Thursday, June 11, 2009

Passions

One of my passions is evangelization. I truly believe that if Catholics embraced the call to evangelize that we would change our Church, our cultures, and our world for the glory of God. But, we can't do anything close to such a grand goal until we start to help others encounter the true and living Christ. Some bishops have the same kind of passion. One of those is Archbishop Gomez of San Antonio. At a recent speech in Boston he said the following, in reference to Hispanic ministries (emphasis added):
“A generation ago, we can hardly imagine a Hispanic saying he or she had ‘no religion,’ yet that number has doubled in just the past few years,” he continued.

However, he emphasized the need for an approach to culture that is “broader” than simply ministering to Hispanics.

“Definitely, we need to raise up Hispanic Catholics leaders, and we need a pastoral plan to educate Hispanics in the faith and to nourish them with the sacraments,” Archbishop Gomez said. “But this must be part of a wider evangelical strategy. We need to commit ourselves again to the work of re-evangelization, to preaching the Gospel again to America.”

Noting the rise in high school dropout rates and single-parent families among Hispanics, the archbishop said, “I worry that we may be ministering to a permanent Hispanic underclass.”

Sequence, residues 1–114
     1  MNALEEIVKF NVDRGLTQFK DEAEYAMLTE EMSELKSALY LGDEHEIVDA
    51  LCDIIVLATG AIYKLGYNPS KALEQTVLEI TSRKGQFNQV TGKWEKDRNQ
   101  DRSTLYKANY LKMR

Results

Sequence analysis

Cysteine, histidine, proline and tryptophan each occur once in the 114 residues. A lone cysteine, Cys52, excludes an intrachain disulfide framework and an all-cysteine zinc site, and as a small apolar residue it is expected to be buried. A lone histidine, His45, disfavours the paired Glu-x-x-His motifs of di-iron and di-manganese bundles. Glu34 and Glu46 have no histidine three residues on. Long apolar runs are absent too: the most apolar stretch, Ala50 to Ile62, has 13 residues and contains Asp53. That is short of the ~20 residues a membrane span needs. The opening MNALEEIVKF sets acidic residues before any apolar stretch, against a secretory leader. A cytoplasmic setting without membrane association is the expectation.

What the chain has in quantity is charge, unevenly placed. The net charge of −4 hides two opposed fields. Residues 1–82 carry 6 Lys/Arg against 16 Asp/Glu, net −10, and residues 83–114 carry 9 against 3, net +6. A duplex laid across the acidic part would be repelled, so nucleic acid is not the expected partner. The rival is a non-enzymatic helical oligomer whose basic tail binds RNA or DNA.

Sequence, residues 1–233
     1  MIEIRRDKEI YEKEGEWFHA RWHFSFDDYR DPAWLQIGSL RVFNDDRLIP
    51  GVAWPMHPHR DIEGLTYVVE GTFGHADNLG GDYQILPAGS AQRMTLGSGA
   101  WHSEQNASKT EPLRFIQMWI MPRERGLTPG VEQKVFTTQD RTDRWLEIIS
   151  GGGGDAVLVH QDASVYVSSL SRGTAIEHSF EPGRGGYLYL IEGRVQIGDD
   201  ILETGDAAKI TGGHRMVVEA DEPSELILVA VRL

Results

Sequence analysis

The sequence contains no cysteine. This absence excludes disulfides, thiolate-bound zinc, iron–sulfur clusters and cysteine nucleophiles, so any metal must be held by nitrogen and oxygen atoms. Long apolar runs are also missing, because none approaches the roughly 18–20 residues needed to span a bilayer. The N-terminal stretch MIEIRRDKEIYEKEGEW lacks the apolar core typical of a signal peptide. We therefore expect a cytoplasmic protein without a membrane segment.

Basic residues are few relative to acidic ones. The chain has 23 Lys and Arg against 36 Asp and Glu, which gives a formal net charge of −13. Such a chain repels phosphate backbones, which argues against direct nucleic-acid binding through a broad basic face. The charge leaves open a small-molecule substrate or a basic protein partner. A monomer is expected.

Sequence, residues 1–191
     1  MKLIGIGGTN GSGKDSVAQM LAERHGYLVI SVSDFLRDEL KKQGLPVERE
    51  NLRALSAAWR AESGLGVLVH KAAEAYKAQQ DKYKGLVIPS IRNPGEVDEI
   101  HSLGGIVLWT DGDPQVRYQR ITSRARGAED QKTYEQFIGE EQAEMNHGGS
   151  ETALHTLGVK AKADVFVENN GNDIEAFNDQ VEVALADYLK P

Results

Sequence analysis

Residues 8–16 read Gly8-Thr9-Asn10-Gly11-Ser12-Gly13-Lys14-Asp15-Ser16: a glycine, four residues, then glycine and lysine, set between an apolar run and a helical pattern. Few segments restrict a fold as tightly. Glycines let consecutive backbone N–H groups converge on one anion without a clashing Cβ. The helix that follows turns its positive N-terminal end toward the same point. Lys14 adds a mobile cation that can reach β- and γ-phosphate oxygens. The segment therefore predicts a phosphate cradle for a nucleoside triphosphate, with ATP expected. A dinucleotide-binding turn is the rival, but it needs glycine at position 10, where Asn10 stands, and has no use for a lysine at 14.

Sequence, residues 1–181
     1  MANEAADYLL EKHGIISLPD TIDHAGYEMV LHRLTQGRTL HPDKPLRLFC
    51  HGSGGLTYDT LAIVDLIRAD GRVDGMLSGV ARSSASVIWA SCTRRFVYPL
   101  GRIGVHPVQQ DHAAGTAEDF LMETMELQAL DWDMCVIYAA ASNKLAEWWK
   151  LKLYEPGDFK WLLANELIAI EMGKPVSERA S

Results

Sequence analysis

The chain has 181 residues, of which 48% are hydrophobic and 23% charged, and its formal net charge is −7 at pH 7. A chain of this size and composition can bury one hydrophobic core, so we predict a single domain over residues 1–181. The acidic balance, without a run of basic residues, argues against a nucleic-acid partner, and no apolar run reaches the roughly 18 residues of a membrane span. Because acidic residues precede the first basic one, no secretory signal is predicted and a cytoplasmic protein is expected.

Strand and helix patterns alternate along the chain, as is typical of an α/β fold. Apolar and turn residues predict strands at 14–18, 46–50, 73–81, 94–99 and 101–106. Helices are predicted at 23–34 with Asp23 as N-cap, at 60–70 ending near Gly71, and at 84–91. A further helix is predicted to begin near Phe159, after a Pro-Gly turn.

Hispanics have some of the highest rates of teen pregnancy, out-of-wedlock births and abortion, he added, saying these cannot be written off as just “conservative” issues.

“[W]e need to find new ways to keep our kids chaste and in school, and to instill in them the value of education,” he advised. “We need to push for real improvements in public education, and in public support for private education, especially in our poorest school districts. And we need to assemble all the resources of our own network of Catholic schools to meet this challenge.”

The archbishop then further underlined the need for evangelization.

“Hispanic ministry should mean only one thing—bringing Hispanic people to the encounter with Jesus Christ in his Church. Too often, I’m afraid, we lose sight of that,” he said, warning that Catholics should not mistake the “means” of programs and bureaucratic administration for this most important end.

“The proclamation of Jesus Christ must be the criteria against which we measure everything we do in Hispanic ministry,” he continued. “Are we making new disciples? Are we strengthening the faith of those who have already been made disciples? Is the knowledge and love of Christ spreading through our work?”

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